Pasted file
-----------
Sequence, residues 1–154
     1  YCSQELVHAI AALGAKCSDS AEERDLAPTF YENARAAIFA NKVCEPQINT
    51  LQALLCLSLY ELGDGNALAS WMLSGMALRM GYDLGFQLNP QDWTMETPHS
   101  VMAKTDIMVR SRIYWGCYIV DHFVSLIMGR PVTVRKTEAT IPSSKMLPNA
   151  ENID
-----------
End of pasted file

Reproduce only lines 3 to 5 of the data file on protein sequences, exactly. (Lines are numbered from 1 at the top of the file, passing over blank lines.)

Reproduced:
    51  LQALLCLSLY ELGDGNALAS WMLSGMALRM GYDLGFQLNP QDWTMETPHS
   101  VMAKTDIMVR SRIYWGCYIV DHFVSLIMGR PVTVRKTEAT IPSSKMLPNA
   151  ENID